Saturday, 22 June 2024

    Putin, Xi, and the Pirate King

    In the news this week, Alexei Navalny, the dissident Russian politician who was serving 30 years in an Arctic Gulag, died. Navalny was a longtime rival of Tsar Vlad, had campaigned against corruption – Putin’s corruption – and after returning to Russia in 2021, had been found guilty of “extremism” and “fraud” – what were clearly nonsense charges, and sentenced to 30 years in prison. 

    Navalny had been in Germany, where he had been taken for treatment after being poisoned (August 2020). It was later determined that he had been exposed to “novichok,” a nerve agent. The FSB (former KGB) was implicated in the attack, which probably consisted of putting the nerve again on his underwear, where it would be absorbed through the skin.  He returned to Russia in January 2021 and was immediately arrested, brought to trial and convicted. 

    He had recently been moved to IK-3 penal colony (Polyarnyi Volk (Polar Wolf)) in Kharp, about 1,000 miles north-east of Moscow. He was 47. His death was, sadly in this troubled world, not a surprise, though his official cause of death has yet to be established. As Inspector Reynault would observe, they are probably working out whether he was shot trying to escape or it was suicide. Navalny was 47.

    That Tsar Vlad would kill one of his opposition should surprise no one. He has a long history of such actions.

    Some folks are using this as proof we must not deal with Russia, we must fight on, etc. He is evil and can’t be trusted. 

    Well, yes, he is evil and no, he can’t be trusted.

    But let’s take a deep breath. Let’s list those leaders of nations who we can’t trust. Start with everybody’s favorite panda, Emperor Xi. How many people in concentration camps in China? At least a million, probably substantially more. How many have been through re-education camps in the last 10 years or so? Estimates vary, but multiple millions, some estimates run as high as 8 million. 

    China continues to grind down and destroy Tibet, a country that has been going through a slow, steady – literal – genocide for decades.

    Hong Kong’s freedoms have been suppressed, standard freedoms of speech and press and religion don’t exist. Chinese companies, with the full knowledge of Beijing, push out fentanyl that killed nearly 100,000 Americans last year. Between 1979 and 2015, under Chinese government direction, there were an estimated 400 million forced abortions. The list is incomplete, but this is what Emperor Xi capable of.

    Yet, we’re told we need to talk to Beijing, compromise, work with Beijing.

    Iran feeds weapons into the Houthis and Hezbollah, while denying basic rights in their own country, under the direct supervision of the Ayatollah. Iran is in the process of becoming a nuclear power – if it hasn’t already. And is trying to throttle world trade.

    And again, we have folks in communication with Tehran. Last summer we sent $6 billion to Tehran for the release of 5 Americans.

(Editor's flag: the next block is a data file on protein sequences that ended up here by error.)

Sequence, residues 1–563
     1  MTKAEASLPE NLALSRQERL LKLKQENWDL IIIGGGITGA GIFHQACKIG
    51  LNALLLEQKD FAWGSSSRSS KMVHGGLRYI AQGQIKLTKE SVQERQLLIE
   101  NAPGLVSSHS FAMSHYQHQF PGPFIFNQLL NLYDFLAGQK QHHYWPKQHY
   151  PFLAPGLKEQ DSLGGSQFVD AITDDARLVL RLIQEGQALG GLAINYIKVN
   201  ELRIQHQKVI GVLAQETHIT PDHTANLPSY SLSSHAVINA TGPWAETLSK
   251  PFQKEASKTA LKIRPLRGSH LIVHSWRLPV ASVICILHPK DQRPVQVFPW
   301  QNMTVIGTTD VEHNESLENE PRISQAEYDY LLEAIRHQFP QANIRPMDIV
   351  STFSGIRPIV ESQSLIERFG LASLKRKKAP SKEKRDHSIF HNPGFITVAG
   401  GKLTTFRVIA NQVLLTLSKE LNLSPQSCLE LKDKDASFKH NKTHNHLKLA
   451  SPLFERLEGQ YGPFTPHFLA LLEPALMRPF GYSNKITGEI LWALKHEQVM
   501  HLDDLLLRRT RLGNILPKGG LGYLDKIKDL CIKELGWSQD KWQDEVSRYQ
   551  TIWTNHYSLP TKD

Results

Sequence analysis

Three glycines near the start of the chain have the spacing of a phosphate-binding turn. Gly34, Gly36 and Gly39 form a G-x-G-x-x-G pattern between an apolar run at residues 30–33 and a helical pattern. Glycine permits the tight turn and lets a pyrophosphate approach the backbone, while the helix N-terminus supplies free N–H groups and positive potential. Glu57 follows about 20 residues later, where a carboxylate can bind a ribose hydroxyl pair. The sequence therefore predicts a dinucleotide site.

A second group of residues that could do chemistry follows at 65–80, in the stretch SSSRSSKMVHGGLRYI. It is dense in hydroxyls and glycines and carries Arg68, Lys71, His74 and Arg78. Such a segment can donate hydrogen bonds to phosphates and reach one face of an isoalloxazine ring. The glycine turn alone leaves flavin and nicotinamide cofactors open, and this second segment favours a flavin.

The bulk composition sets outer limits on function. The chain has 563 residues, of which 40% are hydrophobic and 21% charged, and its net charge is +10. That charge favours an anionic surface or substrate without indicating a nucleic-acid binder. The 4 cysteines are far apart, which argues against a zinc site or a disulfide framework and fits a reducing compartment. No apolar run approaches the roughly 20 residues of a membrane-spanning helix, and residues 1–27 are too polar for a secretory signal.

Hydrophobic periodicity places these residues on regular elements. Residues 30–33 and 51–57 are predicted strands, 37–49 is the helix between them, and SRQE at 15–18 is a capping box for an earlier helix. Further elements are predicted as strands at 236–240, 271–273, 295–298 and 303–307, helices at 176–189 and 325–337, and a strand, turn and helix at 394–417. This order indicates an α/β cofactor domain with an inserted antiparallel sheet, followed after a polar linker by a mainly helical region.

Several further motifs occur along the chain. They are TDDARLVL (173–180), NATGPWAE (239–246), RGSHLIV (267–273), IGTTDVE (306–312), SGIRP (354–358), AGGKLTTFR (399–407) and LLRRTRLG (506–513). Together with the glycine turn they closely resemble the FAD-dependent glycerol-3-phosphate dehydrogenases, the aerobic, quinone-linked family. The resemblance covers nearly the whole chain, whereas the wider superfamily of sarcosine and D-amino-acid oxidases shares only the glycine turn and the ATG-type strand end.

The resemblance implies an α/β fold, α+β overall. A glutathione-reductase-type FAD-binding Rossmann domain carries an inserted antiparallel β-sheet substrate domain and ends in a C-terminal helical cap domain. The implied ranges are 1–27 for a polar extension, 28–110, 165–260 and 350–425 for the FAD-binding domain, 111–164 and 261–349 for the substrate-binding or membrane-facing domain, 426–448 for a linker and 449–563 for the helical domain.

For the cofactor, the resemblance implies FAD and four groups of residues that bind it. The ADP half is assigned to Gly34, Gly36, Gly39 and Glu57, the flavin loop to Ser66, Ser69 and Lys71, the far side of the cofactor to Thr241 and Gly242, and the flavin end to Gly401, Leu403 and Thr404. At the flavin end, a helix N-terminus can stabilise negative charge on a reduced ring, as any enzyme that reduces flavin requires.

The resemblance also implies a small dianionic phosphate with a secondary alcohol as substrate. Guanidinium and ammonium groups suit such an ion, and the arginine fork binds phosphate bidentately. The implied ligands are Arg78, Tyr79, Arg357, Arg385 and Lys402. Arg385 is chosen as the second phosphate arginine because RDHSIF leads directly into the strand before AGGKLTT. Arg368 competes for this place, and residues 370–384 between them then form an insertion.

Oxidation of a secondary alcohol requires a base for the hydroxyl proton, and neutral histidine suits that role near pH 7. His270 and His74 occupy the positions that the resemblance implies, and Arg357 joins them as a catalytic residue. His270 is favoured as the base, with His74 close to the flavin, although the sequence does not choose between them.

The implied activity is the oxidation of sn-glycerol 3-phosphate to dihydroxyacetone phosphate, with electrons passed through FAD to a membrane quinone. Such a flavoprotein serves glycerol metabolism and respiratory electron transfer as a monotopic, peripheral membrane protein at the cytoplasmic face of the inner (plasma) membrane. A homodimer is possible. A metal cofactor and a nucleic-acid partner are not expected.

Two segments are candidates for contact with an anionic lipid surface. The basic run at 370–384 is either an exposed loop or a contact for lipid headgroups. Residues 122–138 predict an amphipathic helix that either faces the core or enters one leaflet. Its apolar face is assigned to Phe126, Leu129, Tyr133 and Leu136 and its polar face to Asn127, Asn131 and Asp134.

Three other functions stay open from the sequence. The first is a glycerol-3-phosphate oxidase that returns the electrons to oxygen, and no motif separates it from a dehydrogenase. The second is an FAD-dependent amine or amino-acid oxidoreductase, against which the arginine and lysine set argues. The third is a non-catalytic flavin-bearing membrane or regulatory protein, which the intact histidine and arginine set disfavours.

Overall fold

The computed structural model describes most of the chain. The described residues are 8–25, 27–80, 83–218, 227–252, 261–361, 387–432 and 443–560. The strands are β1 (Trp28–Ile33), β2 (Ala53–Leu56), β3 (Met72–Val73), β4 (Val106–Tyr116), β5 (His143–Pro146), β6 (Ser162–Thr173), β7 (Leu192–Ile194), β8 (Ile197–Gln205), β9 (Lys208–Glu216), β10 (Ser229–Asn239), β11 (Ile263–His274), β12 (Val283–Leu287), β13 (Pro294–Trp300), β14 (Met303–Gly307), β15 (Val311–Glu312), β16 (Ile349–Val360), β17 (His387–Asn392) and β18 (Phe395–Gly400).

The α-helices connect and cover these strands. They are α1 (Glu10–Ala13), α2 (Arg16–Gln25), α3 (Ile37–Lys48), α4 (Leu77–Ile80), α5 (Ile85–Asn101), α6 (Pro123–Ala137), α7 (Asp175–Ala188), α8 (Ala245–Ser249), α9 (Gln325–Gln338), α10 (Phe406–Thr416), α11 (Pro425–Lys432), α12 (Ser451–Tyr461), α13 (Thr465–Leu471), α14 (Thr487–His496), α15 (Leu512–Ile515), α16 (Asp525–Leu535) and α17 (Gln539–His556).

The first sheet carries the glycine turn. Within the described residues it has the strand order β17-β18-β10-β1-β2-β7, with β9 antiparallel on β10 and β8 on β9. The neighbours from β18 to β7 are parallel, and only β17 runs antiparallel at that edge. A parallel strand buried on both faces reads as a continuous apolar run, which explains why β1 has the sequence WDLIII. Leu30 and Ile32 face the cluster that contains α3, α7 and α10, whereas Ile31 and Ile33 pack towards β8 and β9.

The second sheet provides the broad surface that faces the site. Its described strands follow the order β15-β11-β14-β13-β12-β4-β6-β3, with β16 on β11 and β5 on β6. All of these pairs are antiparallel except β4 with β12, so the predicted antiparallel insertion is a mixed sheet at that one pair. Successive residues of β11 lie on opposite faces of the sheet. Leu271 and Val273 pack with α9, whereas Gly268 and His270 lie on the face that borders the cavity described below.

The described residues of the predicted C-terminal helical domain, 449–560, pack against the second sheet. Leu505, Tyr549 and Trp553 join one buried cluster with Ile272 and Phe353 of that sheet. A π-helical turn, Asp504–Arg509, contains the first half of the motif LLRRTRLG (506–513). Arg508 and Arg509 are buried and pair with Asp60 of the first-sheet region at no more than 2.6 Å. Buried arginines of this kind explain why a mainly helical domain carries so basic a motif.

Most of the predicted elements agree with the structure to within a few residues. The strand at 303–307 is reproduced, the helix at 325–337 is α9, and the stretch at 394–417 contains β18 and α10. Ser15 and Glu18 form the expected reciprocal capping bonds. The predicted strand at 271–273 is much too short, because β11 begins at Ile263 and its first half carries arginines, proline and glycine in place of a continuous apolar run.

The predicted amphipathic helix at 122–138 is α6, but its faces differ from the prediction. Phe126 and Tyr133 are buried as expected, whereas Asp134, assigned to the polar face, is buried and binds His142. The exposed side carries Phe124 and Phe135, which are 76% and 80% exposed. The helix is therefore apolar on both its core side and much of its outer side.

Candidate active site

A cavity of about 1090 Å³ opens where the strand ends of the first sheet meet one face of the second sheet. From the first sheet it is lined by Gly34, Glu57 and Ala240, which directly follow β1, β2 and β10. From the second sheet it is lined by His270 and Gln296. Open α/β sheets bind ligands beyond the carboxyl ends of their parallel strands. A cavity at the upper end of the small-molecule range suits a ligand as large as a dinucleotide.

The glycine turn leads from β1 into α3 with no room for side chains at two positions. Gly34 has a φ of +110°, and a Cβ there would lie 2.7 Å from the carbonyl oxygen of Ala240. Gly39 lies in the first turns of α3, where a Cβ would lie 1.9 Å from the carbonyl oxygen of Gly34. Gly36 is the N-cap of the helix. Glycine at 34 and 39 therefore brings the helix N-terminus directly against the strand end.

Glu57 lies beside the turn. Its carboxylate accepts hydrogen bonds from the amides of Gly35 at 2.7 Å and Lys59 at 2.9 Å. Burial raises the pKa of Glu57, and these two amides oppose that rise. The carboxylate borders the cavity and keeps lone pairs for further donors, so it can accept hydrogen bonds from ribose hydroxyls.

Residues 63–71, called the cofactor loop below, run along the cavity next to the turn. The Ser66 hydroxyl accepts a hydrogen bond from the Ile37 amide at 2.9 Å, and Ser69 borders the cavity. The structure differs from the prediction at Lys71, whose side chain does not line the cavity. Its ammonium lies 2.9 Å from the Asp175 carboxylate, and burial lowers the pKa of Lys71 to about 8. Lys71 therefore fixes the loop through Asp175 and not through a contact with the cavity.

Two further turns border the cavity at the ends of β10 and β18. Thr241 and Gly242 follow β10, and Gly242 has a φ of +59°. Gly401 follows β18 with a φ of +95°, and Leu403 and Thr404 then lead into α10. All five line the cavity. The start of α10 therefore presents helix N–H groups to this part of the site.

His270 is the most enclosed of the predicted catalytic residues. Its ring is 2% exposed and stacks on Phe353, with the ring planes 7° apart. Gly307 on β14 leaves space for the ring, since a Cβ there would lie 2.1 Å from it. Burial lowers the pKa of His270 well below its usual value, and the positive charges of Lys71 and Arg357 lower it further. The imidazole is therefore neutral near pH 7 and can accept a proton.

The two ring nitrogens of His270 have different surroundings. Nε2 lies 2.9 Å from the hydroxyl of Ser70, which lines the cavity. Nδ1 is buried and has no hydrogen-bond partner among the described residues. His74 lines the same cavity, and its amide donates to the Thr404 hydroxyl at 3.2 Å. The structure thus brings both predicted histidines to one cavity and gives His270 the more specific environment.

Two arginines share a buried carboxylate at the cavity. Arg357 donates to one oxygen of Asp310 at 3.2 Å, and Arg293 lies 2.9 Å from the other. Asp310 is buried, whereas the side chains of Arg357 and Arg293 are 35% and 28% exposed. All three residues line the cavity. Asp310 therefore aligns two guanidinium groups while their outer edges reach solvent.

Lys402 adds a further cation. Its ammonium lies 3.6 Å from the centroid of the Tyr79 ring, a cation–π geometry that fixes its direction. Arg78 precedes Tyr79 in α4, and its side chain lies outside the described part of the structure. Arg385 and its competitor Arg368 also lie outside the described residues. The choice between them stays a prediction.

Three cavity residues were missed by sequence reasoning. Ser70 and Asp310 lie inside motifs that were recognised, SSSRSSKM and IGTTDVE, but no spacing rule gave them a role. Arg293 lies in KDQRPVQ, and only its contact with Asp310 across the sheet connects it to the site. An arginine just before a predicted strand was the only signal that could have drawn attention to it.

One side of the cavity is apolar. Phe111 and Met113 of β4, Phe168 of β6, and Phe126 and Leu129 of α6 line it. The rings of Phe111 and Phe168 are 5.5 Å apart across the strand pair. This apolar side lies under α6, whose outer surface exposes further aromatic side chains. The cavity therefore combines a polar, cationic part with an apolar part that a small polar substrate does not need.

The point in all this is that, as much of a thug as Tsar Vlad is, and he is, we are dealing with other thugs around the world; it’s the nature of leaders of many countries from time immemorial. Which is not to say that we are necessarily doing a good job in our dealings, only that we are dealing.

    But it also means we need to recognize that the first criteria that we should have for such actions is a clear understanding of US interests and whether dealing with various evil regimes is necessary to further our interests.

    There are only two other practical options: one, we shut out everything and every one, button up the country, and talk to no one ever again. Obviously, that won’t work – for a whole host of reasons, buttoning up the border being high on the list of why we can’t…

    The other option is to go to war with everyone we think is bad… 

    That isn’t going to work either.

    We are left with the simple reality, one not commonly addressed by Washington in the last 33 years, that we need to understand our – US – interests and at the same time recognize that we are surrounded by many evil characters around the world. We don’t need to be their friends, but in many cases we need to deal with them.

    It’s also a warning. As Gilbert and Sullivan’s Pirate King noted:

    But many a king on a first class throne,

    If he wants to call his crown his own,

    Must manage somehow to get through

    More dirty work than e’er I do.

    Just so. Gilbert and Sullivan were able to make light of it but they touch a truth: the workings of many, indeed most, governments in history have been marked with all sorts of crimes against humanity in general and often their own people in particular. And under increasing stress the veneer of civilization is revealed to be quite thin; any government can find itself shedding civilization and embracing evil. The only thing that keeps a government from stripping away that veneer is a strict adherence to the law and to morals, to an understanding of duties and behaviors that come before the law. For the US, that means a strict adherence to the Constitution and to the Bill of Rights.

    We need to deal with Putin, and Xi, and the Ayatollah and a host of other figures. But we need to first understand what US interests are, and we need to both maintain our morals and our Constitution, while remembering that the men we are dealing with have been, are, and will remain, evil; men who wish us ill, and they will contour to do so, no matter what nice words they say. We must deal with them from time to time; we must not become like them.